To mark the 75th anniversary of the instantiation of the Universal Declaration on Human Rights, the Royal Society of Edinburgh held a series of workshops on Thursday 7 December to discuss the various complexities of human rights both here at home and across the world.

Panelists and guests were welcomed to take part in the workshops, under the Chatham House Rule.

Even at a time when the 75th anniversary of the UDHR is being marked, it was explained that there was still a huge gulf between the aspirations of the document and the harsh realities.

Proceedings opened with a stark reminder.

On the morning of the event at the RSE, it was reported that UN Secretary-General Antonio Guterres had invoked Article 99 of the UN Charter in relation to the unfolding situation in Gaza.

Article 99 gives the UN Secretary-General the power to bring to the attention of the UN Security Council “any matter which, in his opinion, may threaten the maintenance of international peace and security”.

Human Rights in the UK context

The first workshop – Human Rights in the UK Context – was designed to discuss human rights issues here at home. The audience and panelists were given a brief overview of the public attitudes towards human rights in Scotland and the UK.

The progress of the Scottish Human Rights Bill, which is due to be laid before the Scottish Parliament soon, was discussed. The Bill would strengthen legal provisions for human rights in Scotland.

It was also explained that there has been a proliferation of calls for new public bodies to uphold human rights of various groups in Scotland in recent years, with some 11 proposals outstanding.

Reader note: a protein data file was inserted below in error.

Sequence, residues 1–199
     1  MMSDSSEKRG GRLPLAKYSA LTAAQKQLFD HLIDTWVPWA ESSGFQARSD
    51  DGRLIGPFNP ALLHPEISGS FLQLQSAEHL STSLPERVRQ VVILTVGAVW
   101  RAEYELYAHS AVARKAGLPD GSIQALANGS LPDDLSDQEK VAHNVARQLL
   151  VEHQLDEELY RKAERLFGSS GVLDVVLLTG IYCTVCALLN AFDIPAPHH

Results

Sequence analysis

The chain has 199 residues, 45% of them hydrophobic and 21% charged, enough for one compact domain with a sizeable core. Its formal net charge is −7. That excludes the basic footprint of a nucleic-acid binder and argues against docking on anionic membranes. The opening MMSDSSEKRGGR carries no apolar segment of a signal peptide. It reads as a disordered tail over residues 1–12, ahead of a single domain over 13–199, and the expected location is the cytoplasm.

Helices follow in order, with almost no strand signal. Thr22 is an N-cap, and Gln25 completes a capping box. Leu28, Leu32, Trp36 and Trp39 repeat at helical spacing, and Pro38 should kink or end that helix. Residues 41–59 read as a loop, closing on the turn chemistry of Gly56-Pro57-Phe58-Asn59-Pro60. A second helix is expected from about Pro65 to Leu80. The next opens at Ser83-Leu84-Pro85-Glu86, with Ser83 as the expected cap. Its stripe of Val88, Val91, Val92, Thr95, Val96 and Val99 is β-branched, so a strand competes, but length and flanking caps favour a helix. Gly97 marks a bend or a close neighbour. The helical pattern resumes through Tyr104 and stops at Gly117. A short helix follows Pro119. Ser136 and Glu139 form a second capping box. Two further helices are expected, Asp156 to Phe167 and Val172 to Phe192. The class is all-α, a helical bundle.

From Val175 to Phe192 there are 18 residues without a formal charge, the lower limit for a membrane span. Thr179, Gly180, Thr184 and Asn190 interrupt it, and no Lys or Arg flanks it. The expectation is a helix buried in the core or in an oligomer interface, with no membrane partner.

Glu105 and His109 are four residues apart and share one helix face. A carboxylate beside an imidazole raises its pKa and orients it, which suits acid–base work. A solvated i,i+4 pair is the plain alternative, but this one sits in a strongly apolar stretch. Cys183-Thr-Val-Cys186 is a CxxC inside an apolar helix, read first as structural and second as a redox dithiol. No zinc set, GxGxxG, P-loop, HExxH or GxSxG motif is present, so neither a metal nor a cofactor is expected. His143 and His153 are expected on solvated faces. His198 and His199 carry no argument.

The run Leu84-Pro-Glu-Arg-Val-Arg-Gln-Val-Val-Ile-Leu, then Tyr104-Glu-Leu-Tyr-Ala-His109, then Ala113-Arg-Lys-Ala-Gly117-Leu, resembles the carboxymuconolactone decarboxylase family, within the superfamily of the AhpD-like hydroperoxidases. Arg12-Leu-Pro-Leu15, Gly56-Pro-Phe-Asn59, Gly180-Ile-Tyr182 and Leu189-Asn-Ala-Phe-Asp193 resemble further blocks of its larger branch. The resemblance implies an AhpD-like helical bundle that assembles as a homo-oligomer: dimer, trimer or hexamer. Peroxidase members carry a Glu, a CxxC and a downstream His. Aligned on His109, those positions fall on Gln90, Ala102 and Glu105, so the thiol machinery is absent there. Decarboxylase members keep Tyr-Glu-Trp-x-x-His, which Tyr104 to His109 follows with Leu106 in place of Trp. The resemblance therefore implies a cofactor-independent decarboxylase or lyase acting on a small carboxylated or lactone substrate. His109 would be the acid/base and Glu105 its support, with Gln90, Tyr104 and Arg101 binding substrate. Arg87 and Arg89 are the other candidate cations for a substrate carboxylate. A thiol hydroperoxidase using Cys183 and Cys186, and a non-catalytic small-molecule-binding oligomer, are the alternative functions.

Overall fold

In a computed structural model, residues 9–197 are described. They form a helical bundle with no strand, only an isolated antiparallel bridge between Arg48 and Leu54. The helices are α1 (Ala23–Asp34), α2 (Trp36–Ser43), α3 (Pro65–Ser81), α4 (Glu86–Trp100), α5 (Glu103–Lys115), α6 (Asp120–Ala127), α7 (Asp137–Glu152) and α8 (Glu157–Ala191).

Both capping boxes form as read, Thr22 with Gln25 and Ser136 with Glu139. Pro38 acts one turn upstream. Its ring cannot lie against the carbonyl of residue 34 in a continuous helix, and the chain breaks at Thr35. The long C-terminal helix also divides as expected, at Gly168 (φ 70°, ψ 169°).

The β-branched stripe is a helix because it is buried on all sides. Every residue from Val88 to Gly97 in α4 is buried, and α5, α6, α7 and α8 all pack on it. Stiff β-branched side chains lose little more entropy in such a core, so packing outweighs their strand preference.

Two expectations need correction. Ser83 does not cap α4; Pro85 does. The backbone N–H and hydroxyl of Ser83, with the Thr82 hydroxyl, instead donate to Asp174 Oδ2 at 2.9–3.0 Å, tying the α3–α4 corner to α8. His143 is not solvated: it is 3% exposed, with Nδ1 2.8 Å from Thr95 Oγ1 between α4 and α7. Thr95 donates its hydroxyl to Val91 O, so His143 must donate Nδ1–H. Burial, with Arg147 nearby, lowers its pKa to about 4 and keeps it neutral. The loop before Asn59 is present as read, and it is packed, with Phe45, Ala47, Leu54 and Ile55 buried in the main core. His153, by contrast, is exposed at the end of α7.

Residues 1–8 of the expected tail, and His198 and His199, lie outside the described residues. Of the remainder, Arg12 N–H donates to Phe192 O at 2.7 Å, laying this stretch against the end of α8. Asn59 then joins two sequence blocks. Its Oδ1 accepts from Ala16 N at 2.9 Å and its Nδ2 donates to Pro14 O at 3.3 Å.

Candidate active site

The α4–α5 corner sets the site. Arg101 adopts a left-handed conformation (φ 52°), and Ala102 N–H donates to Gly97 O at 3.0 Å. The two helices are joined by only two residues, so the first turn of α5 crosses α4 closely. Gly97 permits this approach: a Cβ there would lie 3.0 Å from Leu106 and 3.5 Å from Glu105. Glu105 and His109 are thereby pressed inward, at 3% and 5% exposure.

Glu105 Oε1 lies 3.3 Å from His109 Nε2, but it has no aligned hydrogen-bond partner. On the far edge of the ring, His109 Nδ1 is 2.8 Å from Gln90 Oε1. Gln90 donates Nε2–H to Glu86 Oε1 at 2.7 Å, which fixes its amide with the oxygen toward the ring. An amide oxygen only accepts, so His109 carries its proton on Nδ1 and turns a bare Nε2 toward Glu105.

The panelists and audience were then given a brief overview of the sense of human rights in the rest of the UK. It was explained that the Human Rights Acts and the European Convention on Human Rights in essence take their lead from the UDHR, but in the UK context these are often “demonised”.

It was explained that there was a tendency to “divorce” universal human rights from the conversation in the UK, and that this trend was a cause for concern.

Additionally, a challenge was set for the audience to volunteer to name each of their 16 own rights – there were no takers.

This illustration raised more questions about how they can be protected, day to day, if the average person does not know what their rights are.

Recent developments with the UK Government’s plan to send asylum seekers to Rwanda – now passed in the House of Commons. The plan has been widely criticised.

The disconnect between the letter of the law and the realities that people experience was again highlighted. What do rights mean, and what does justice mean, if we don’t know what our rights are?

Finally in the first session, forced migration and human trafficking were discussed. A hypothesis was put forward that sought to show the differences between the individual human’s rights, and the nation state that they come from that is responsible for upholding them. This gives rise to another question, which is where do people feel they belong?

The panelists and guests were told about some positives that had come out of the European Union’s activation of the Temporary Protection Directive, which afforded Ukrainian refugees rights to move and work in the EU.

It had been feared that the mass movement of Ukrainian refugees would lead to problems of human trafficking and labor or sexual exploitation.

However, as a result of the EU directive, this did not occur in anything like the scale that was feared – because refugees were given rights.

Academic Freedom